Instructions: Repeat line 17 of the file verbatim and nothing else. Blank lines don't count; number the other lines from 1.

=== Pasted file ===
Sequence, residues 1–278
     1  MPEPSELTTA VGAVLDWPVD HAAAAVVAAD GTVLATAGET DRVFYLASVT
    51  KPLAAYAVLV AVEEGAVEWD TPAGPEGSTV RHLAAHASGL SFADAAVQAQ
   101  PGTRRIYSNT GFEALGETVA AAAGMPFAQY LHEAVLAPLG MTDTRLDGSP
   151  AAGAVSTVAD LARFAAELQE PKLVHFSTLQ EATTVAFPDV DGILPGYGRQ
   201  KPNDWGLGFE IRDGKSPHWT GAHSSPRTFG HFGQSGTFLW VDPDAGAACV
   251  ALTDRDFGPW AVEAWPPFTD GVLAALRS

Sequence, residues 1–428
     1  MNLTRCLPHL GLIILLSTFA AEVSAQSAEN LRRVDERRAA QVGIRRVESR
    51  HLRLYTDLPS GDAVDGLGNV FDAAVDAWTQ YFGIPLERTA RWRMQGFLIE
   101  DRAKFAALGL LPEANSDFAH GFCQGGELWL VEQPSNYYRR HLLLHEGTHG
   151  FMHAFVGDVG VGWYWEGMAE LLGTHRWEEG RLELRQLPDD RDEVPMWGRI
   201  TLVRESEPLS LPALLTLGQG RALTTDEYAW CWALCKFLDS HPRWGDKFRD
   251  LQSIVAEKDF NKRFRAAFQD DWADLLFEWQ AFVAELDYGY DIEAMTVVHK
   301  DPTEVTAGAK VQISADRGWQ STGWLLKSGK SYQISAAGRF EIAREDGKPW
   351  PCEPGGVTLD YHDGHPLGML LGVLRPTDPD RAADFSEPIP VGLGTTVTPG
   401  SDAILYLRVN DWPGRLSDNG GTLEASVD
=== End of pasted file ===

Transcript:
   401  SDAILYLRVN DWPGRLSDNG GTLEASVD